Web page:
I'm sure if you are willing to pay an agent out of pocket they will write low ball offers for you. Think from the agents perspective. I want to make $10k on a transaction. Why would I spend 200 hours throwing out lowballs when I can work about 30 hours for a regular client to make $10k?

Don't be upset if a realtor won't make low offers for you.........Find one that will or become one yourself. Don't ever forget that you're the one in charge, you call the shots and only surround yourself with people that understand that completely. Don't let a fancy suit intimidate you, find people that think like you do, and use them exclusively,and don't forget to keep them fairly compensated. In my opinion the main thing to remember is to not be a time waster for people. Be ready and do what you say you will do, and help will never be too far away.  

Great conversation here folks. Thanks for being a part of it! All of the feedback is so valuable and I DO appreciate you taking the time. ;)

@Blake Hansen

You're welcome!  Although it's an uphill battle, you will find someone who can/will help in your area.  Let me know if CA is too expensive and want to learn more about the Reno market.   Good luck and IMO Kiyosaki's best book was Retire Young Retire Rich because he talks about different types of leverage and introduces some interesting financial ratios...

@Blake Hansen

There are licensed agents here in the Bay Area that will write "lowball" offers, If you want to private message me I will give you the name of who I used to buy a duplex in Oakland earlier this year.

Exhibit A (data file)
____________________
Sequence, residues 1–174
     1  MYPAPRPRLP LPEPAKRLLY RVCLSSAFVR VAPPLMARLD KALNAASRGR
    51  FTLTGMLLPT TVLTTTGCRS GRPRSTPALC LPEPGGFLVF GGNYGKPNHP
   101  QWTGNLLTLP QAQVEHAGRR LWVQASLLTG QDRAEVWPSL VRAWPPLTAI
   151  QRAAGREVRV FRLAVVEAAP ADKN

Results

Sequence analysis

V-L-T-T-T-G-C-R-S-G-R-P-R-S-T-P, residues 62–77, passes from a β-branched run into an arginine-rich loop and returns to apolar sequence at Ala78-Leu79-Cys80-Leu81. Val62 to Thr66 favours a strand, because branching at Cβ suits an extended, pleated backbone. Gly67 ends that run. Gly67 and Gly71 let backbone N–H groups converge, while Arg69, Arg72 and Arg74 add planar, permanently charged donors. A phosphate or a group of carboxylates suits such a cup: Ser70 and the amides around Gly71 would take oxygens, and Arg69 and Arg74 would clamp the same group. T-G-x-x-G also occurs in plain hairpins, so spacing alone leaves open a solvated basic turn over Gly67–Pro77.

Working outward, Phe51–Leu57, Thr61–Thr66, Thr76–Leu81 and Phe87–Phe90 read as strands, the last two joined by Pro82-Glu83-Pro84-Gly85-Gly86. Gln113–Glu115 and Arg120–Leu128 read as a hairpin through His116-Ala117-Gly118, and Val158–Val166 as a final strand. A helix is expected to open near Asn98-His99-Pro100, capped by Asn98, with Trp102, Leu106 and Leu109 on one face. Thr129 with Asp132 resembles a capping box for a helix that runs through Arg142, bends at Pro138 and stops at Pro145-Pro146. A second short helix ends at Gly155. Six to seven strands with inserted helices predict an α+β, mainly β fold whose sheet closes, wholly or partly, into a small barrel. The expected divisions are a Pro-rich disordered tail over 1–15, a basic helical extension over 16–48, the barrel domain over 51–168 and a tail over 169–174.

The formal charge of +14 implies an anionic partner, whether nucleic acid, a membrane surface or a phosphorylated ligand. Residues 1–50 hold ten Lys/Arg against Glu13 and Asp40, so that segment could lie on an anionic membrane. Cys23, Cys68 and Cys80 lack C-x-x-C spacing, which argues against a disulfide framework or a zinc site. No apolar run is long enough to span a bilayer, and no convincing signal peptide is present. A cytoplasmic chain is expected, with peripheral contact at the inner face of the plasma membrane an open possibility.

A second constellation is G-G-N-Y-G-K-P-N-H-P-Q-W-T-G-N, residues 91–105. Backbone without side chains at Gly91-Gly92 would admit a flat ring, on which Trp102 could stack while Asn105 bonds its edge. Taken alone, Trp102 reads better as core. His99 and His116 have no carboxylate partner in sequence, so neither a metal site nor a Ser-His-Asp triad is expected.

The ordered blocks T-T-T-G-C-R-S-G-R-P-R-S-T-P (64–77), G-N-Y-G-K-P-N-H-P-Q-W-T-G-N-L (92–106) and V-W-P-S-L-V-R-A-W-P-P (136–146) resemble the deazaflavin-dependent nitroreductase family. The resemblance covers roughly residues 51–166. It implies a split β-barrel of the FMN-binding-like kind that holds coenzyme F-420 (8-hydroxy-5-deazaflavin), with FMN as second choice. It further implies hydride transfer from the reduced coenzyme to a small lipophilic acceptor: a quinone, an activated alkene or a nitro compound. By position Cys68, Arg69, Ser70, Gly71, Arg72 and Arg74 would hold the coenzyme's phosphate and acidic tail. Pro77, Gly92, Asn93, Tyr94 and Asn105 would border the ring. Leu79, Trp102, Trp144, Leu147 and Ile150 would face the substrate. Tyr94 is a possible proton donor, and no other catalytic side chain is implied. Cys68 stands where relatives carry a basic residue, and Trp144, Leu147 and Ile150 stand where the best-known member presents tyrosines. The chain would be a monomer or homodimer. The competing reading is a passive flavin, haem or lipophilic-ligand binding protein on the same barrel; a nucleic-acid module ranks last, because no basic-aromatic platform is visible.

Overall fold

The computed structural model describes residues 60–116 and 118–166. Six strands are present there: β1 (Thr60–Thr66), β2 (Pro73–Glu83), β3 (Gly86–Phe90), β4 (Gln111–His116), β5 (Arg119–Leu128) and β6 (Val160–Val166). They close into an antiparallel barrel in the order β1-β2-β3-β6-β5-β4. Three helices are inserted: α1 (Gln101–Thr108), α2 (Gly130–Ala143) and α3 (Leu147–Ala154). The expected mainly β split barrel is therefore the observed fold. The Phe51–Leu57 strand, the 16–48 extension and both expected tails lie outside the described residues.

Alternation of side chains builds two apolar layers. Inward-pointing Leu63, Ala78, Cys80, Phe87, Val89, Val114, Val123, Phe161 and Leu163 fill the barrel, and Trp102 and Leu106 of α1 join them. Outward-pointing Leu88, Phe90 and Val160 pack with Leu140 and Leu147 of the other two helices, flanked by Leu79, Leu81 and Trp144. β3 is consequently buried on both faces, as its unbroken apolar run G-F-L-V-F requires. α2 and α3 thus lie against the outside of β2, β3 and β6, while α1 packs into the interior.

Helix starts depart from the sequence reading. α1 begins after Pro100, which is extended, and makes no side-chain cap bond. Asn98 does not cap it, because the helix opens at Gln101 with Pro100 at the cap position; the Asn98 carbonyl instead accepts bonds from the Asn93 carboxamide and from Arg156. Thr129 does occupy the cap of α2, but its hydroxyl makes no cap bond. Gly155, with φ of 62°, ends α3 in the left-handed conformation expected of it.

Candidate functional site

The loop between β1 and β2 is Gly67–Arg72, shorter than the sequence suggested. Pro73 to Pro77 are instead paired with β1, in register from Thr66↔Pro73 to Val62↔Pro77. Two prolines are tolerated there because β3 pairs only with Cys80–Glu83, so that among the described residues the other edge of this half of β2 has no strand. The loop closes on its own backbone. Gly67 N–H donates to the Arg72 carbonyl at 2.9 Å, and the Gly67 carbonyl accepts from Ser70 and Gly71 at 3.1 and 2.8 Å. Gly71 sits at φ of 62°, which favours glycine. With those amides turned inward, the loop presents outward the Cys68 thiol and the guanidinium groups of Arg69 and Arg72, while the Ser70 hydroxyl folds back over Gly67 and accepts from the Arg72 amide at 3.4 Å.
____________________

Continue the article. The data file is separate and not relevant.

Also....If you look for agents here on BP that work in the Bay Area they should most certainly understand what you want to do.

Furthermore when you talk with an agent, let them know what your methodology is for the lowball offer......In other words if you say...."I want to find properties that the asking price is $500,000 and I want to offer $375,000 on a bunch of them until one get accepted"....then yes....a lot of agents will give you pushback ......But if you tell them.."I'm looking for an investment property and ....I want to get "x" amount of cashflow from it based on based on vacancy rate, repairs, capital expenses, taces, insurance, etc. I know I can get "XX" amount per month in rent so that's why my plan is to find a triplex in Contra Costa County for xx amount or a 4 plex in Alameda County for".

When you let them know you are not seeking to buy because you love a property but you are looking at an investment property based on, xyz then you are good.

Ask the listing agent to represent you. Have a different agent (the listing agent) on every property.